Crail at Balcomie
Just twelve miles from St Andrews, the Mecca of golf in Scotland, in the easternmost kingdom of Fife, is Crail, the seventh oldest golf club in the world. The Crail Golfing Society was founded in 1786 and was initially located at Sauchope just outside Crail, a picturesque fishing village. It is believed that a local farmer laid out a nine-hole course in Balcomie in the mid nineteenth century. In 1895 the legendary Old Tom Morris redesigned that course and about four years later he extended it to eighteen holes at the present location of Balcomie Golf Links.
After the WWII when the golf course was functional again after a break it was run jointly by the council and the club for a time. It was in 1973 that it was bought by the Crail Golf Club. Today Crail is home to two links golf courses - the Craighead Links and the Balcomie Links. Balcomie is believed to have a better layout though even for a par 69 it is quite short. At less than six hundred yards it is deceptive as most golfers soon realize. The ever present wind however makes Balcomie quite a challenge despite its short length.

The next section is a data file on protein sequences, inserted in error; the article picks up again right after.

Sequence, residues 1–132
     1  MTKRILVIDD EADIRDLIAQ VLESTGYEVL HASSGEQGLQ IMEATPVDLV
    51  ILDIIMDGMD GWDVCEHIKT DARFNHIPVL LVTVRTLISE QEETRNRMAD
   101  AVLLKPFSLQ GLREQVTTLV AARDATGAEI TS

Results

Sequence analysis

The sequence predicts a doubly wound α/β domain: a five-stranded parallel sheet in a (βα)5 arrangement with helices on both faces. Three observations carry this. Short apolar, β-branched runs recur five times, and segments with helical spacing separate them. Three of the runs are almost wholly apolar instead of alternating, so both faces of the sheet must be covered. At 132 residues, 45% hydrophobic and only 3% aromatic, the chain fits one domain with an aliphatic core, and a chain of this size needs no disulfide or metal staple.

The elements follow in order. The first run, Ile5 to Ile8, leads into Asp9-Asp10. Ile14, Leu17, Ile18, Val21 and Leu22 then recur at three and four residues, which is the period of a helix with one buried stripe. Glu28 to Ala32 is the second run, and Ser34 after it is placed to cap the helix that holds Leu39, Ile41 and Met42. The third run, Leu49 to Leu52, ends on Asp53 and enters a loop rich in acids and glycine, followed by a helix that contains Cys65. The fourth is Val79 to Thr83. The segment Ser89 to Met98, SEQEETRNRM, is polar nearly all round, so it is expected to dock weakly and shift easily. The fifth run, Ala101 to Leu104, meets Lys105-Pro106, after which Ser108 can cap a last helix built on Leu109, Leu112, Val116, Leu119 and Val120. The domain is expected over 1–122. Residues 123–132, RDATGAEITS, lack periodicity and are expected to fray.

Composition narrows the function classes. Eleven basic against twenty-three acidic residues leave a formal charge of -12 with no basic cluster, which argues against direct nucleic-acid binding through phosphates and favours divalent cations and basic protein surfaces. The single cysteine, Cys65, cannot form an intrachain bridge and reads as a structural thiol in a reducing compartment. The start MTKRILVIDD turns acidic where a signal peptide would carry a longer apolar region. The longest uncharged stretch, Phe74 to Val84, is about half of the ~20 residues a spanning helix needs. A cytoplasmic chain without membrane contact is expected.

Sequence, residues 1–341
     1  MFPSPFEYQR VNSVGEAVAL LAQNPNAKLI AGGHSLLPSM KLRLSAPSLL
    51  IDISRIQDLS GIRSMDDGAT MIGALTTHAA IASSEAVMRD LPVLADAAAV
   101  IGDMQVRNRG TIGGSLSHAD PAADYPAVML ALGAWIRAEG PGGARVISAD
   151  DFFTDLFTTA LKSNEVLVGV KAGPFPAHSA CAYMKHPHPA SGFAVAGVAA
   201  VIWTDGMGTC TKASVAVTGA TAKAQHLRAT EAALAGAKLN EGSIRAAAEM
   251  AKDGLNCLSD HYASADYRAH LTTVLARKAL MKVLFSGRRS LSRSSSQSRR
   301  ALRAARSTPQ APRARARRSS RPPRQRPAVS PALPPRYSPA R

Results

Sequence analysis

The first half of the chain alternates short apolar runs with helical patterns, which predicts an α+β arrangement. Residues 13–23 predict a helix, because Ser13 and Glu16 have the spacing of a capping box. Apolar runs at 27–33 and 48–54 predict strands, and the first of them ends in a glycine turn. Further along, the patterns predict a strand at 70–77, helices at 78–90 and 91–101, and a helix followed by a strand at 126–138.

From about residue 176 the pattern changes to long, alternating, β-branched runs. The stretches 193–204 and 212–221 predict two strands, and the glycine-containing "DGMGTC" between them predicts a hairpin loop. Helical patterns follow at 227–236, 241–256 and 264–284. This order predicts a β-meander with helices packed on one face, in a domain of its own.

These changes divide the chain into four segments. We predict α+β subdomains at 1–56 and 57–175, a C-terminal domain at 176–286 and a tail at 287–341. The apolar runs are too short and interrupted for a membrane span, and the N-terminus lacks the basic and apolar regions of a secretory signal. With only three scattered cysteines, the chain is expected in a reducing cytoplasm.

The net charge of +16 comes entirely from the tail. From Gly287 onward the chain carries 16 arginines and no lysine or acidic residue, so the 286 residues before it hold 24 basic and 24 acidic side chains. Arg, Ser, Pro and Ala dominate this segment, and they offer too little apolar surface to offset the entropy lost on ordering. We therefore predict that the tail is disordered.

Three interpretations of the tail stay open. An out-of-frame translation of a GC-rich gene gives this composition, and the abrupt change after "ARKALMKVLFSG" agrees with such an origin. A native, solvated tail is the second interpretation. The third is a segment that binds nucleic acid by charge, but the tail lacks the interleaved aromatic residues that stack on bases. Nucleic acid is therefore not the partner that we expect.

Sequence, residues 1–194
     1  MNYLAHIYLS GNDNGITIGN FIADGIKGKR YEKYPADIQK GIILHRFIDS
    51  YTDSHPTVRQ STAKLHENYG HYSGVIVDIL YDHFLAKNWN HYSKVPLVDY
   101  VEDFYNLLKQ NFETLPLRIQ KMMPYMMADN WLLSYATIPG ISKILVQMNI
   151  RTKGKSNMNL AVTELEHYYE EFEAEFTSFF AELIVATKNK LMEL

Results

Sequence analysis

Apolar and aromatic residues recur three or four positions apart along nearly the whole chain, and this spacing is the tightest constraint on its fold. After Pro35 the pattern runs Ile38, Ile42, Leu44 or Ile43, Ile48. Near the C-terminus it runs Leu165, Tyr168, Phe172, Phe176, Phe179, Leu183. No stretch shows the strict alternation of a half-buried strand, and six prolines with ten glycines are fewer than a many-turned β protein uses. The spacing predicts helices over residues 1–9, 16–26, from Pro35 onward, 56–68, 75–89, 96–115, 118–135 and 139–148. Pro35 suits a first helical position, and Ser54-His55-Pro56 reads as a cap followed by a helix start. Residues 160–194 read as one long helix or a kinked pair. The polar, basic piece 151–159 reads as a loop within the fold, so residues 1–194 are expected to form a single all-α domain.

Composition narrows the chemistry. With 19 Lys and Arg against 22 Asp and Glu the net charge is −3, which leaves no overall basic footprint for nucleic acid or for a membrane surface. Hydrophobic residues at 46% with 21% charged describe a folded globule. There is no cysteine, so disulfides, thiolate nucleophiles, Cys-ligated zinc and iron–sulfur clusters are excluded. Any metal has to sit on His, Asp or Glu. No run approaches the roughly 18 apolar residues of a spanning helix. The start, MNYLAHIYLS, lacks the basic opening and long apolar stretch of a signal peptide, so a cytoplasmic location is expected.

The opening hole heads towards the sea and the subsequent four holes skirt the coast. The course offers superb views of the sea from every tee with each hole having its own peculiarities. The 4th and 5th holes are two successive par fours that offer deceptive shortcuts across the shoreline. The fifth is a nearly 460 yard fairway and is aptly named Hell’s Hole. The second half of the course heads back towards the club house and has some cunning short holes seen anywhere. Most accomplished golfers too will find the back-to-back 13th and 14th holes to be quite a memorable challenge.
The final holes call for some expert shots even if they are inland. Eventually the last hole and the course end at the shoreline. The Crail at Balcomie golf course is very well maintained and is in immaculate condition with crisp links turf. The greens are extremely fast during the summer months.